Had the pleasure of sitting in a bus with a loud mouth racist talking about a particular area of South London, at the top of his voice. He was talking to his girlfirend about why he hates it so much there - "the Blacks and their violence" - and how much he'd prefer to go back to the East End, trying to convice her that he was right. That he was speaking the truth and he didn't care who heard. Everyone on the bus, all of us together from across the spectrum of cultural and ethnic backgrounds, were all forced to hear.

I tried to block it out, not pick up any detail. I was on my way to the launch of a project by an organisation founded to empower non-western (background) artists. (I add that for irony value.)

Getting off the bus, I looked back at the guy, still hammering on in top voice. He was sitting next to his girlfriend. They both looked normal, not the usual self-proclaimed racist with badly drawn fading tatts and a Number 1.

At the launch, I was told a story about acts of racism towards someone else, a friend of a friend. I have decided that this kind of thing, hearsay, is outside the bounds of this project.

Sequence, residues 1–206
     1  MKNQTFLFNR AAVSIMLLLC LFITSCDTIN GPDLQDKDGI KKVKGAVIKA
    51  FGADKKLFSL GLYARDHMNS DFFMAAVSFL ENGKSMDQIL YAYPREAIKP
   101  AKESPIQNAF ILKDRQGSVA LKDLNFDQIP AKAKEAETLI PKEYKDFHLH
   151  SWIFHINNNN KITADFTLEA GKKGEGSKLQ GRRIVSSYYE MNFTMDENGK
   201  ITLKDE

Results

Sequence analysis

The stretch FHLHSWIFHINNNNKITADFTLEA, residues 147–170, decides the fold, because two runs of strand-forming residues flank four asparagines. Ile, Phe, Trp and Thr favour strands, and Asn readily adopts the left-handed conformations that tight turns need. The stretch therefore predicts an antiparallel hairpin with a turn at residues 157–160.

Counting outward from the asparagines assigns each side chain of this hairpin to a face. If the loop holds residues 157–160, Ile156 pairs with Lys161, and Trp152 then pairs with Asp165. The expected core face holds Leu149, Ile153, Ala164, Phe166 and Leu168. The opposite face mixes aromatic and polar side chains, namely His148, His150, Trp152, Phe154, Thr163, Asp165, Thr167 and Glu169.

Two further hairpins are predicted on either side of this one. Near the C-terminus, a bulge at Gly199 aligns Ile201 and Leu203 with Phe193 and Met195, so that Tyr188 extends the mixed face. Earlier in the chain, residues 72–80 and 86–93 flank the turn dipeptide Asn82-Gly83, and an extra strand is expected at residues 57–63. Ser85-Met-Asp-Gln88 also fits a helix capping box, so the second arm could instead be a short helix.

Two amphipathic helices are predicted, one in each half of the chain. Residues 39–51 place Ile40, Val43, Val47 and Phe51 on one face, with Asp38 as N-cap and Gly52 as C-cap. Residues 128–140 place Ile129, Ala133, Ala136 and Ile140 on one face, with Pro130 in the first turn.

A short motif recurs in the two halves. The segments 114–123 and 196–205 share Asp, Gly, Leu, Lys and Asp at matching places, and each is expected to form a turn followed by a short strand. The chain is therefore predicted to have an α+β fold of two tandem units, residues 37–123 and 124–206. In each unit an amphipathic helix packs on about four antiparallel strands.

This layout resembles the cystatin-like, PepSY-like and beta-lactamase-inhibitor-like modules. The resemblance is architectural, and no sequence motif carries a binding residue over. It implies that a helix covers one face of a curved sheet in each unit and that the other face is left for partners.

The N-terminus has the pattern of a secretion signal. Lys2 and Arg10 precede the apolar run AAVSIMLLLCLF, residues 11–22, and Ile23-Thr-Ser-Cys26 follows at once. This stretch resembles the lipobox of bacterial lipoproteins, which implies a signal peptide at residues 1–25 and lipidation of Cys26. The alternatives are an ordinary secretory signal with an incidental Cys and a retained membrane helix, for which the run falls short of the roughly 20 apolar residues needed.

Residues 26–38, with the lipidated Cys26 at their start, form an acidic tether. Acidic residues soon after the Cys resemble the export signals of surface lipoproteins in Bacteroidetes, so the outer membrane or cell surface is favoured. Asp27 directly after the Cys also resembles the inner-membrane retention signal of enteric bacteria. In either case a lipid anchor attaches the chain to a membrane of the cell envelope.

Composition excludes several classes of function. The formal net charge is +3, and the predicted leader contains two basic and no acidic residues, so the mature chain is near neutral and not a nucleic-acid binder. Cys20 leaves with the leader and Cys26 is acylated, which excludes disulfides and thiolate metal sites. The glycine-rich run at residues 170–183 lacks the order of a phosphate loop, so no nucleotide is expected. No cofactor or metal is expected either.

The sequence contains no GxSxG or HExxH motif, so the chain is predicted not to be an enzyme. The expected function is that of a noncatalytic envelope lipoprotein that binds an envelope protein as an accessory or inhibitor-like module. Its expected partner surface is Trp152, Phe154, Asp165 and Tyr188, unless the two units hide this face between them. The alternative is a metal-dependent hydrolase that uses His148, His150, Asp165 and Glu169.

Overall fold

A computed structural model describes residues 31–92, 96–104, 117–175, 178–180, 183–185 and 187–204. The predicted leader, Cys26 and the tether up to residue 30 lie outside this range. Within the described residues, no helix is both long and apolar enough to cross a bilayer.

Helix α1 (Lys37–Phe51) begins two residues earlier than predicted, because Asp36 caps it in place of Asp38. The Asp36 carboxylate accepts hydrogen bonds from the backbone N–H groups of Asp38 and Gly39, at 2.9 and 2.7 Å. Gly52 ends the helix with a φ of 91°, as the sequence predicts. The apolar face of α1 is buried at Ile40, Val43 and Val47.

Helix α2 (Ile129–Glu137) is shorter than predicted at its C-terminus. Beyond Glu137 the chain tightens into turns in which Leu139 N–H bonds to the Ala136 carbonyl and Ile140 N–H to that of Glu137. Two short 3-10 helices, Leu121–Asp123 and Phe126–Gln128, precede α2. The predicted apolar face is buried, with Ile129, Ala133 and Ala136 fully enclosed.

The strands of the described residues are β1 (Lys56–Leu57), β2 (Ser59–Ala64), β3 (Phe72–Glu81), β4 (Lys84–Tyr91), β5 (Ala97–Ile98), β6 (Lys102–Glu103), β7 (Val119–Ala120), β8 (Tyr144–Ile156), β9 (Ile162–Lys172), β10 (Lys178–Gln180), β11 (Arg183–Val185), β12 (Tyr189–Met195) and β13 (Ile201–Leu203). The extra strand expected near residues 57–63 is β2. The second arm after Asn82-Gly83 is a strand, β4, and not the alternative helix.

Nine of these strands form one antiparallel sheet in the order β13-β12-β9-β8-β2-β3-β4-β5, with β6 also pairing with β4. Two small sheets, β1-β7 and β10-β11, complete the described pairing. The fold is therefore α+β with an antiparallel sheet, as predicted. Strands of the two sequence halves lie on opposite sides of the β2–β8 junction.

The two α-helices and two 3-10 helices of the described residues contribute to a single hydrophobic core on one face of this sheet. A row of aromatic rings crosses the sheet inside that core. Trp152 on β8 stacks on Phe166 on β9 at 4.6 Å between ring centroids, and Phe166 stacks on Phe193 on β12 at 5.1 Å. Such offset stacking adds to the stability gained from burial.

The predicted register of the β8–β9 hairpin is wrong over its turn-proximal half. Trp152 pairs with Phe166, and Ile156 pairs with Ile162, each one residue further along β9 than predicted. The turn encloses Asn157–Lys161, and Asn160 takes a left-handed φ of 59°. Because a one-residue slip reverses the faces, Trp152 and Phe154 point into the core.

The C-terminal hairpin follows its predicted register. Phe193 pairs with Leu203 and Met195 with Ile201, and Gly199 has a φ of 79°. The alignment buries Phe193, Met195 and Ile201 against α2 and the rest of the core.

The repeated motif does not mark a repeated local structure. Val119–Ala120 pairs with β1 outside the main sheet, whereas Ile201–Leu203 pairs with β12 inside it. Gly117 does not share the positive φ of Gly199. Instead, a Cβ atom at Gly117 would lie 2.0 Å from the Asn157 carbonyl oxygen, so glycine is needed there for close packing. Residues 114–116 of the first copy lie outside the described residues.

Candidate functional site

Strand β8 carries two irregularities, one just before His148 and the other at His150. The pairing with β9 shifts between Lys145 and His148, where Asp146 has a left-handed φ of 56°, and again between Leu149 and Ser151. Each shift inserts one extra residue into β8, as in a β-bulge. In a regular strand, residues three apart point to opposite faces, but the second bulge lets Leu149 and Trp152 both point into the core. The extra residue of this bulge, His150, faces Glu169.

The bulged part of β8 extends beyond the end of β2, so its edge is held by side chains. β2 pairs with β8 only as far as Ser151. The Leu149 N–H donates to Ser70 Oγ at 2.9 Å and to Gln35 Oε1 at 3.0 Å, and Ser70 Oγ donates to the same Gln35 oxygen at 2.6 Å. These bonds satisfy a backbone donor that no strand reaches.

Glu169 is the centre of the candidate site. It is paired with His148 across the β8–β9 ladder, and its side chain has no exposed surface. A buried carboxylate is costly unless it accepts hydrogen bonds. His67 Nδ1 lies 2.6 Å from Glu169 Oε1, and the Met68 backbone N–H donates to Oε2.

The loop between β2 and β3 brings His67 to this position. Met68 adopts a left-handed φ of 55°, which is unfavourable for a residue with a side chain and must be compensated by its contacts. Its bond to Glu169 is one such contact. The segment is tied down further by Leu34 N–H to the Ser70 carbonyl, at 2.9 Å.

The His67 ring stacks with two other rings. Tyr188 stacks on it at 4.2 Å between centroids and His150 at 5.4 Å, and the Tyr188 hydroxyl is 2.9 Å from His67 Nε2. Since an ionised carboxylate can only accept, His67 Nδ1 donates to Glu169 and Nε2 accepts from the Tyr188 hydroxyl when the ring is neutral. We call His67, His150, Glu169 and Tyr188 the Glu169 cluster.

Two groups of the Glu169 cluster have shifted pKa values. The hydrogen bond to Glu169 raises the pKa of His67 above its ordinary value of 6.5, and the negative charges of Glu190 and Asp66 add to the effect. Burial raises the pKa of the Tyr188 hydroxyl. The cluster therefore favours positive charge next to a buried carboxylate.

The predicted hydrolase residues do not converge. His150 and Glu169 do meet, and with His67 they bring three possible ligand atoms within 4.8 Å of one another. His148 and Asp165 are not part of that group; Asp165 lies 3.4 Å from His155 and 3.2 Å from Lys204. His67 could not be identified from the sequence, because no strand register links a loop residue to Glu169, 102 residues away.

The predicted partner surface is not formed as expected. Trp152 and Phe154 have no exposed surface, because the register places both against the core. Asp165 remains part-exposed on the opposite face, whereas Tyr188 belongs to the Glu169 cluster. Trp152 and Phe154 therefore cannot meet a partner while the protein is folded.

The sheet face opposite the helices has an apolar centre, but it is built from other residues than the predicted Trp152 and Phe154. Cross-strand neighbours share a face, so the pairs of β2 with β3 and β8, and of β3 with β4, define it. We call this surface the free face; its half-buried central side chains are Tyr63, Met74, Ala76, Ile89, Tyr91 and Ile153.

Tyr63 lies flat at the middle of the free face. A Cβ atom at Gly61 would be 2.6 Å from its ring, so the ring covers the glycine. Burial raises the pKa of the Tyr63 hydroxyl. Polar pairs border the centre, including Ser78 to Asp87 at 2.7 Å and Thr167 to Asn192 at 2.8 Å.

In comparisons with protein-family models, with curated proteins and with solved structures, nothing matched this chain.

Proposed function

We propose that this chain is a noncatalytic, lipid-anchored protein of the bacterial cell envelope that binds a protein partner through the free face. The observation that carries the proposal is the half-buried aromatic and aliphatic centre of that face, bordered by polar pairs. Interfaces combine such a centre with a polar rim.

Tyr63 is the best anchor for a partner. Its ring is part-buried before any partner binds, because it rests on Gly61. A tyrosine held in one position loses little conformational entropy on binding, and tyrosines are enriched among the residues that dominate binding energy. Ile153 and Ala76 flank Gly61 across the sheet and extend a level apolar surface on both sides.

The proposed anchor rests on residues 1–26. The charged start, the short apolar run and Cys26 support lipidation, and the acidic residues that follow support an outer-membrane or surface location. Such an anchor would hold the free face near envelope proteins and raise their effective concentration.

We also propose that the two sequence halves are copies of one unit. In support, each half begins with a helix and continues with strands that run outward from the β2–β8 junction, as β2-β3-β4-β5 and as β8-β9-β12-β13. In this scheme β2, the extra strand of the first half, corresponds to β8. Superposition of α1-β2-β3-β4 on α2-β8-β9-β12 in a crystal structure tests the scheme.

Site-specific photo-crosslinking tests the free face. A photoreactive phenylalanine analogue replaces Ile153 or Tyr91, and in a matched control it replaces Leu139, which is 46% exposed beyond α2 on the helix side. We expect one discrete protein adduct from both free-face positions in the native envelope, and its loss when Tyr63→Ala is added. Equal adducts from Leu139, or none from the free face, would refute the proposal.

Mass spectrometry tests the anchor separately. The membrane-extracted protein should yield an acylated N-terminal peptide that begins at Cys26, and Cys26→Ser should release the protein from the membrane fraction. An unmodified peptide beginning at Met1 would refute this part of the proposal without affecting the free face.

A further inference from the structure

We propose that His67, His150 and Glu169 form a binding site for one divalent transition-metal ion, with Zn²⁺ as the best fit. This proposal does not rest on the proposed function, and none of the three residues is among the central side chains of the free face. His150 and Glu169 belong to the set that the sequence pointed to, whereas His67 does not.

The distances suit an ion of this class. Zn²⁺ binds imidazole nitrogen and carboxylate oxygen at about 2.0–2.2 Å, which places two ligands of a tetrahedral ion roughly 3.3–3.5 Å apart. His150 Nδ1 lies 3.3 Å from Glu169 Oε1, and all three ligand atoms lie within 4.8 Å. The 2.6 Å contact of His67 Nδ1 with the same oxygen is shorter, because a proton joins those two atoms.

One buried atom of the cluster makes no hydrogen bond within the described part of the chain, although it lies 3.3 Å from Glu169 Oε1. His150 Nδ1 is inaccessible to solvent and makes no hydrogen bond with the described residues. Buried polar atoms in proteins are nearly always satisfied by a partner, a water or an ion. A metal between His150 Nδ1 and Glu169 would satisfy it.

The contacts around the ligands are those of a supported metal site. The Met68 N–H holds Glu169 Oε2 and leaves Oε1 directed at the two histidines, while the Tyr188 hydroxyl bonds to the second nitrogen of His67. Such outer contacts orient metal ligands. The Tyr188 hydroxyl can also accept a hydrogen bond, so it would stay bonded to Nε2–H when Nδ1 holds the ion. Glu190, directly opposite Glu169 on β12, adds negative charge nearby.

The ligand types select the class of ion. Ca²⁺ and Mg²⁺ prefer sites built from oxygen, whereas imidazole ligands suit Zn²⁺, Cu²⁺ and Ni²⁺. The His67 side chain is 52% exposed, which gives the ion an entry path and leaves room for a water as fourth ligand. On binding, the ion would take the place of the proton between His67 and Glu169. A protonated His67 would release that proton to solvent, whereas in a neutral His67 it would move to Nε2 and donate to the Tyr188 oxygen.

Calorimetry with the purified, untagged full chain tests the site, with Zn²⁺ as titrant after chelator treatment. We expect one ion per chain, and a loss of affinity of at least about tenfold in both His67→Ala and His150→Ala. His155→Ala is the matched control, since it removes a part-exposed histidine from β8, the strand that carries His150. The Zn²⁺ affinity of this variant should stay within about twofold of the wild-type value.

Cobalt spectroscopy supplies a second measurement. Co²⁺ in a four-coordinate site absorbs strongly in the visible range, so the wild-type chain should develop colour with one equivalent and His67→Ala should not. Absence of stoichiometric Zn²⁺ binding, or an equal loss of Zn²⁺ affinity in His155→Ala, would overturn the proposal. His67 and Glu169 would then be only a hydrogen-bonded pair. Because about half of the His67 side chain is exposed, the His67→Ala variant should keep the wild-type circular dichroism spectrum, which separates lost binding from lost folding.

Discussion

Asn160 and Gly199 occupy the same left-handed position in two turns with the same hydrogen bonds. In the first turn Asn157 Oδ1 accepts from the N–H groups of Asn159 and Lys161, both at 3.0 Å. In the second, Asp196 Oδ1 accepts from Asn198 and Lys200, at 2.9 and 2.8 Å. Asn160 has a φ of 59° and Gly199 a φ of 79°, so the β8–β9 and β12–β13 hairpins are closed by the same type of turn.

I believe hearsay is one of the cornerstones of prejudice. It feeds racist assumptions and beliefs, working along the lines of "these people get x whereas we get only y, or nothing", as it often goes - a firm foundation for paranoid beliefs about how well "those foreigners" are doing compared with "us".
This guy may have had horrible things done to him when he was living in a particular area, but also the story may have changed in the re-telling.IT may have been exaggerated or manipulated to serve the story-teller's ideas.
I could ask what the story-teller is trying to achieve by telling me this? I don't know but I do know the act of describing things that have happened to "people like me", builds up my levels of paranoia, and adds to my own stereotypes.

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